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Another E-Commerce Site Suffers Hack Attack

Undaunted by U.S. government vows to crack down on those who
pilfer credit card numbers from Web sites, a man going by the name
of “Curador” breached SalesGate.com in the latest of a
rash of cracks made by the hacker who claims he is trying to help
companies by illuminating weaknesses in their security systems.

In his latest attempt about a week ago, Curador lifted 2,000
records, including credit card numbers and other personal
information from SalesGate. SalesGate is a New York-based
marketplace “developed to help small and large businesses sell
online in a way that guarantees the protection of the user’s
personal information.” The firm extends this guarantee on its home
page, which may appear as a challenge to the hacker.

SalesGate co-founder Chris Keller confirmed Thursday that the
credit card numbers were lifted and said “a number of agencies,”
including the U.S. Secret Service “are working to catch” the
hacker.

As of Thursday, SalesGate has contacted customers affected by
the breach, cancelling the cards directly with the credit card
companies. It also warned them to beware of unauthorized charges
made.

Curador has also admitted to hacking into promobility.net, shoppingthailand.com and
LTAmedia.com in recent
weeks.

At the time of the shoppingthailand.com breach in which he took
5,000 credit card numbers, Curador held court on a Web site,
thanking Bill Gates for making “SQL servers with default world
readable permissions.”

“Maybe one day people will set up their sites properly before
they start trading because otherwise this won’t be the last page I
post to the NET,” wrote the cracker in a message at his site, which is mirrored
here.

Curador’s e-crackerce.com site, where Curador listed the stolen
card numbers, was recently taken down by the hosting company. Last
week, the counter at the site showed that it had been visited more
than 500 times, raising the question whether Curador had given out
the address in newsgroups or IRC channels devoted to stolen credit
cards.

Larry Hutchenson is the Webmaster for LTAMedia.com, which Curador cracked
around Feb. 3 and stole about 750 credit cards. While Curador’s
claimed at his site to be “the saint of ecommerce,” Hutchenson said
he’s just a crook.

“It would be one thing if the gentleman had sent an e-mail to me
or somebody else saying that ‘you have a security breach in your
area, you can do this’ — I mean the guy used outrageous stuff to
get in,” said Hutchenson. “If he had sent that stuff to me it would
be one thing. If somebody takes information that is stored on the
site, and it has been entrusted on that site and they steal that
information and use it, post it, or whatever, it is stealing.”

Tyger Team Consultants
was the first to notify LTAMedia about the break-in. Tyger’s Chris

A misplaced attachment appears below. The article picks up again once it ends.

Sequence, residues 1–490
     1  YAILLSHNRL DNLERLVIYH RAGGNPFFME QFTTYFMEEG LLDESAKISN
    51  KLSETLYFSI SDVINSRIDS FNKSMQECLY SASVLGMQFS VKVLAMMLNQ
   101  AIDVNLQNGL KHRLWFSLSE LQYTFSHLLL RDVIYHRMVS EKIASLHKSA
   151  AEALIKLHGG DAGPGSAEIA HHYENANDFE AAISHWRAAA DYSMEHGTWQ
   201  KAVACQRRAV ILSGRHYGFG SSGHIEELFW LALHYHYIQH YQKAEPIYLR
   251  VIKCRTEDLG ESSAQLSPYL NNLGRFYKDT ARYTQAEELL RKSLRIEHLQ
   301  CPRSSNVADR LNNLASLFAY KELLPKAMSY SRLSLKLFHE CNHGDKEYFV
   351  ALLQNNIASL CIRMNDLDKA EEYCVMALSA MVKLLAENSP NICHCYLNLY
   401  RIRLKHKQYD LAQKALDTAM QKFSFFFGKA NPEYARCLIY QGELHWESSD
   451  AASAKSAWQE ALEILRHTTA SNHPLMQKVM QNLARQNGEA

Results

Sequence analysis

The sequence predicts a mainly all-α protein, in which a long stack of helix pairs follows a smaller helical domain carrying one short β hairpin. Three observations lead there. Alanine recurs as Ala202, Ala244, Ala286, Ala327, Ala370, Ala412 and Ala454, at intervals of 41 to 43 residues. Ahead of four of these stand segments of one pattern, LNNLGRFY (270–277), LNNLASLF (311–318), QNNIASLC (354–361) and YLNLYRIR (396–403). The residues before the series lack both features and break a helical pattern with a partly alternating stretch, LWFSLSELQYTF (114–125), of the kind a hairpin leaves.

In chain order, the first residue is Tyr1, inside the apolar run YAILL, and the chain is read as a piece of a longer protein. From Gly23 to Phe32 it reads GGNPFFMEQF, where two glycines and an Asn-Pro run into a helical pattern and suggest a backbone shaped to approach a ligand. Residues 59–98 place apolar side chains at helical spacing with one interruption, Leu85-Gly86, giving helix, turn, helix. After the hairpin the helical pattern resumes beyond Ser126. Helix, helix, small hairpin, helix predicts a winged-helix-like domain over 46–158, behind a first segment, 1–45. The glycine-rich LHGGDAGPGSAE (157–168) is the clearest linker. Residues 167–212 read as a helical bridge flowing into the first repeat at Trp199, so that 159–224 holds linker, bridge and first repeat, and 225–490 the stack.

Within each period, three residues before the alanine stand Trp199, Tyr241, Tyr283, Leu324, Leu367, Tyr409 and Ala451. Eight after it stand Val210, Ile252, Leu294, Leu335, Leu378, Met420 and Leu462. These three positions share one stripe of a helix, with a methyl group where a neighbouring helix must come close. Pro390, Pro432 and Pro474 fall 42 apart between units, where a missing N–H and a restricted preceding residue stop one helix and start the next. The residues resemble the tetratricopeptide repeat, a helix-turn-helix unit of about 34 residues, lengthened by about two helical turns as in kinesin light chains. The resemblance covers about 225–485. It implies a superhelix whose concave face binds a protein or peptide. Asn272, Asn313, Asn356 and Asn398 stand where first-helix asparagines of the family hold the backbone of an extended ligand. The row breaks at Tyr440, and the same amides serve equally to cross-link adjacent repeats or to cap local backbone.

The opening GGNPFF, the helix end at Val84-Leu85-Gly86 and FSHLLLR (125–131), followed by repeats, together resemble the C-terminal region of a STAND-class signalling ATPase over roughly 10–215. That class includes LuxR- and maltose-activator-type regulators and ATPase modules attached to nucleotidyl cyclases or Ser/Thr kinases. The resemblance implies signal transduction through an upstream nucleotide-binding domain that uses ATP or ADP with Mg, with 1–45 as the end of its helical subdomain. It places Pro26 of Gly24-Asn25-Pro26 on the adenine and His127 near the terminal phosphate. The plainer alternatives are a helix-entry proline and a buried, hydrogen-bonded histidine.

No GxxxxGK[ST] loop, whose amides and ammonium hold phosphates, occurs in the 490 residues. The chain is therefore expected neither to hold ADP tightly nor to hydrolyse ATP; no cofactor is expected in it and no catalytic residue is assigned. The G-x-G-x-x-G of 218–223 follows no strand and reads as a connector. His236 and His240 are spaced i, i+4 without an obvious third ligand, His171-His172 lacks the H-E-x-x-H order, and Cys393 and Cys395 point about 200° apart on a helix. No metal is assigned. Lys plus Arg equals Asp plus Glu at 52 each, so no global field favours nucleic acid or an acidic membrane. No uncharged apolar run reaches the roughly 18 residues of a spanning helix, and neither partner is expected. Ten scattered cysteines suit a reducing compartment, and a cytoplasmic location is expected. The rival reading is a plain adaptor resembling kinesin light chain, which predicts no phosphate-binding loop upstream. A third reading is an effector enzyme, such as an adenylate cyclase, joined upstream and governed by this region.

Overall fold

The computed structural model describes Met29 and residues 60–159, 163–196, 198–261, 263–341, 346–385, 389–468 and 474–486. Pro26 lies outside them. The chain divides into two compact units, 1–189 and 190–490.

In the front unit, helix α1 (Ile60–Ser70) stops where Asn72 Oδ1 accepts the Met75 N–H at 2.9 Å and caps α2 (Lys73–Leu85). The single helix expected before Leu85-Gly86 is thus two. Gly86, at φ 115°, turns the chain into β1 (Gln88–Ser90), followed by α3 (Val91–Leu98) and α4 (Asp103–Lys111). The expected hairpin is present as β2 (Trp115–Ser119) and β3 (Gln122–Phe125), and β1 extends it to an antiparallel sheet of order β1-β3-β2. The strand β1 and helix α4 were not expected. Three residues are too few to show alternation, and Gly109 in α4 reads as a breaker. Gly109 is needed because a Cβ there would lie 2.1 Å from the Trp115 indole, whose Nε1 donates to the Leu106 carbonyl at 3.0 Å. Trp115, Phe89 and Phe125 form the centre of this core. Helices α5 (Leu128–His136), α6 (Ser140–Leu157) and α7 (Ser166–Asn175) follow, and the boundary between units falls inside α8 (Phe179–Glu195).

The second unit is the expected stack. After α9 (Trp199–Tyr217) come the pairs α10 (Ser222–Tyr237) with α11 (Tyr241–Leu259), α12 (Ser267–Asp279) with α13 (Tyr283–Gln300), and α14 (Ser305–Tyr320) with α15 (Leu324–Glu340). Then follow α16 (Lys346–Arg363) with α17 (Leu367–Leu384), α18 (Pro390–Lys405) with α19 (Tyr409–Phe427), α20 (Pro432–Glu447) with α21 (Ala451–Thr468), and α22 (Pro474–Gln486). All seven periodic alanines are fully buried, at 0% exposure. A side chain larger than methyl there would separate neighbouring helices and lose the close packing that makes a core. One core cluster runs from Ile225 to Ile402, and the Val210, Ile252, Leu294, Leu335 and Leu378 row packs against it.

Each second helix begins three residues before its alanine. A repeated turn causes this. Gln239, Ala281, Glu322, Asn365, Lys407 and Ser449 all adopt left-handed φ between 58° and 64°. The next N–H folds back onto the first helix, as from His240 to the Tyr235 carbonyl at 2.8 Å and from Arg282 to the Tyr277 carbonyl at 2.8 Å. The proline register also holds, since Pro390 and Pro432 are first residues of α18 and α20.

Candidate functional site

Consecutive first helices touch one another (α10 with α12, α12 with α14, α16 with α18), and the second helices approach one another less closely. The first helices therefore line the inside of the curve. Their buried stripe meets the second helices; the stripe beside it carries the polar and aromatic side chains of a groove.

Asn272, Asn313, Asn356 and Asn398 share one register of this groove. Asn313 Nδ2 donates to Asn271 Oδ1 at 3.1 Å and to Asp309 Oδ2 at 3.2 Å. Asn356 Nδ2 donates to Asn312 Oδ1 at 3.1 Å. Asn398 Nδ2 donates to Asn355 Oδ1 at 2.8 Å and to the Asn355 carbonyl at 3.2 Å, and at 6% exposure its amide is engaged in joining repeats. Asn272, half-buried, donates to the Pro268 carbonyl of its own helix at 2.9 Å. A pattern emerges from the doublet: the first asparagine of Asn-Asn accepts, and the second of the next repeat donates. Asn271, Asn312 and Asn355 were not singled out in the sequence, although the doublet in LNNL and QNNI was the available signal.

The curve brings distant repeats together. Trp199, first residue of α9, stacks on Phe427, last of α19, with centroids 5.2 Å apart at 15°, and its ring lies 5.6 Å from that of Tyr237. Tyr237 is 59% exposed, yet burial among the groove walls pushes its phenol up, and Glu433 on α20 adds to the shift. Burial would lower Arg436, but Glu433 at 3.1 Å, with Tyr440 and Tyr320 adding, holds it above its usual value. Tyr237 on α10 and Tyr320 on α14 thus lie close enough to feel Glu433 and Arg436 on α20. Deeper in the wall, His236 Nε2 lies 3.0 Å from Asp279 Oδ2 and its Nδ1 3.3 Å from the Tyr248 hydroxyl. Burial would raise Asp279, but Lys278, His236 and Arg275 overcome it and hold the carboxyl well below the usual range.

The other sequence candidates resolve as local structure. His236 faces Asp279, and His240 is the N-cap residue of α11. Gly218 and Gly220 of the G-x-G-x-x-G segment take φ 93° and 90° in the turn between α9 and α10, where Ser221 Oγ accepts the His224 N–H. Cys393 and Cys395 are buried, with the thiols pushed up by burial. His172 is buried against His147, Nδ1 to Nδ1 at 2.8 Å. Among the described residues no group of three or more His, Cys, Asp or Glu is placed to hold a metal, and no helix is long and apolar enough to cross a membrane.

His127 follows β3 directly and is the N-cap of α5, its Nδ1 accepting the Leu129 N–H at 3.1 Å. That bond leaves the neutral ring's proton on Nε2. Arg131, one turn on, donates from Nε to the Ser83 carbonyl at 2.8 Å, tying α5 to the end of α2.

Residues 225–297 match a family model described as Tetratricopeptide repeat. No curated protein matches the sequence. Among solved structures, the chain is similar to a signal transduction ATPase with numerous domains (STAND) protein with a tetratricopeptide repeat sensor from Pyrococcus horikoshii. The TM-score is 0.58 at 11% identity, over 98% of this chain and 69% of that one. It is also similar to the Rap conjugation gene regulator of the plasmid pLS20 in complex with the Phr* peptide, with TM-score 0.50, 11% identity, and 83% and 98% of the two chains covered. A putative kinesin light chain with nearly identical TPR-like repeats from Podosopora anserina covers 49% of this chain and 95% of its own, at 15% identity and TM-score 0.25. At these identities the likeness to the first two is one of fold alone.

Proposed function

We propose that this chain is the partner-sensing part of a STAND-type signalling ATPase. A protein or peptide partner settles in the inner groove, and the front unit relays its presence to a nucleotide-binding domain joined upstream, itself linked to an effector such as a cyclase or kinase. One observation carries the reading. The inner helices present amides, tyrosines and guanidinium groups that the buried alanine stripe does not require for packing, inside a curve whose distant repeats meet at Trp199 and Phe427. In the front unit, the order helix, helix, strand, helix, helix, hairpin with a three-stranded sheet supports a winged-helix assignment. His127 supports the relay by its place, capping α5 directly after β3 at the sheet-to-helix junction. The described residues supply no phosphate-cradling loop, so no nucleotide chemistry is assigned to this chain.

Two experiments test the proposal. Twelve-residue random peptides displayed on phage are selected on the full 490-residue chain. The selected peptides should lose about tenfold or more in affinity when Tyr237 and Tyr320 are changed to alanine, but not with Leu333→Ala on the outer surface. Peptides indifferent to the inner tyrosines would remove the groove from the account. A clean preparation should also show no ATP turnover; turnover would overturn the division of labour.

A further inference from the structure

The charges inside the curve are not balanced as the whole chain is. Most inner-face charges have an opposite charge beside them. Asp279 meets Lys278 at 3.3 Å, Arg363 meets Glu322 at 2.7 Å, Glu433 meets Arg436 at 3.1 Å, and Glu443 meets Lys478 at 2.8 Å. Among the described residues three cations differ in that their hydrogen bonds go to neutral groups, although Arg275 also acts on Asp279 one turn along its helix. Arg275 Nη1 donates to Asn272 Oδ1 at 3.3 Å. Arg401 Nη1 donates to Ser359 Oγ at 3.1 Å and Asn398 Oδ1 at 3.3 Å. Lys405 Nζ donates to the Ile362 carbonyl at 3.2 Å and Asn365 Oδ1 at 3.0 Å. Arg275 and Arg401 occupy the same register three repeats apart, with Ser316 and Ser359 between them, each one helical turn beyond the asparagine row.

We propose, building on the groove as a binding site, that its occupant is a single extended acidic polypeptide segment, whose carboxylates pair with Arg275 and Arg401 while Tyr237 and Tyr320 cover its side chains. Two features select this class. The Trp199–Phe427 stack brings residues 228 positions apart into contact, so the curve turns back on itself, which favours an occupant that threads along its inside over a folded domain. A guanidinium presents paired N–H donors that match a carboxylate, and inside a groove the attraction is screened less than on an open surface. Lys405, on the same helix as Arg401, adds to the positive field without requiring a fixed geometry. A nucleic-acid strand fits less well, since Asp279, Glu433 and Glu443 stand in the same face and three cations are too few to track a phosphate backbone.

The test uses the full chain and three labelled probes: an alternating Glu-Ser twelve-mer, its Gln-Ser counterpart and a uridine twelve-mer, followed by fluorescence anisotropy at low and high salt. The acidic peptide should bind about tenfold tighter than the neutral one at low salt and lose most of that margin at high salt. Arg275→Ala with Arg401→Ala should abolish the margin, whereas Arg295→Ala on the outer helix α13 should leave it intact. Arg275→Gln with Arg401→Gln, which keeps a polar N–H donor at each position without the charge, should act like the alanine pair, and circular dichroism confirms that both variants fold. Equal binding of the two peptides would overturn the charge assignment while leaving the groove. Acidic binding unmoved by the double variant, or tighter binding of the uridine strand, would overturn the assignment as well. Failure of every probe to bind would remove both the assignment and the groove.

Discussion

Davis, who is investigating Curador’s activities, refuses to
believe that Curador’s actions are benevolent. He said the hacks
were made on systems with IIS and NT servers, which are not known
to provide excellent security. Furthermore, after conducting an
audit, he discovered Curador had installed a “back door” program in
which he could return to manipulate the site in the future.

“They (sites) may be vulnerable due to outside administrators
that doesn’t maybe understand all of the security implications that
come with IIS and NT, which there are several right out of the
box,” said Davis. “Why are you adding to their vulnerabilities
then? They secure their boxes to the best of their ability, this
kid breaks in to show that they’re not secure and he backdoors them
so that he can get back in whenever he wants and no one will know
about? And then he’s using their credit card numbers? It doesn’t
jive.”

In a Feb. 3 interview with InternetNews Radio, Curador said his
hacker name means “custodian” and that his actions come out of
“delusions of grandeur” based on the 1997 film “The Saint” in which
a thief steals jewels, but then helps people.

When asked if he thought he would get caught, Curador, who many
say has not adequately covered his tracks, tried to be
realistic.

“Everybody gets caught sooner or later,” he said. “I don’t think
what I am doing is technically illegal. I am publishing numbers
that are public property on sites — I am not selling them to
people.”

Curador said he is trying to show that a well-known RDS bug on
Microsoft’s (MSFT)
NT servers is easily manipulated to control an entire server.
Experts say RDS may affect as much as 80 percent of those companies
running Windows NT servers.

The electronic assault is also the latest in a rash of hacks
made in the last two months on companies as large as eBay Inc. (EBAY)
and as small as CDuniverse, a Wallingford-based firm who had more
than 300,000 credit card numbers taken by a self-described
18-year-old hacker named “Maxus” last January.

Secret Service officials were trying to link attacks on other
major companies such as Datek,
Amazon.com Amazon.com Inc. (AMZN)
and Yahoo! Inc. (YHOO).

Related Story:
CNET News.com:
Hacker attack latest in string of online credit card thefts

(Mar 03, 2000)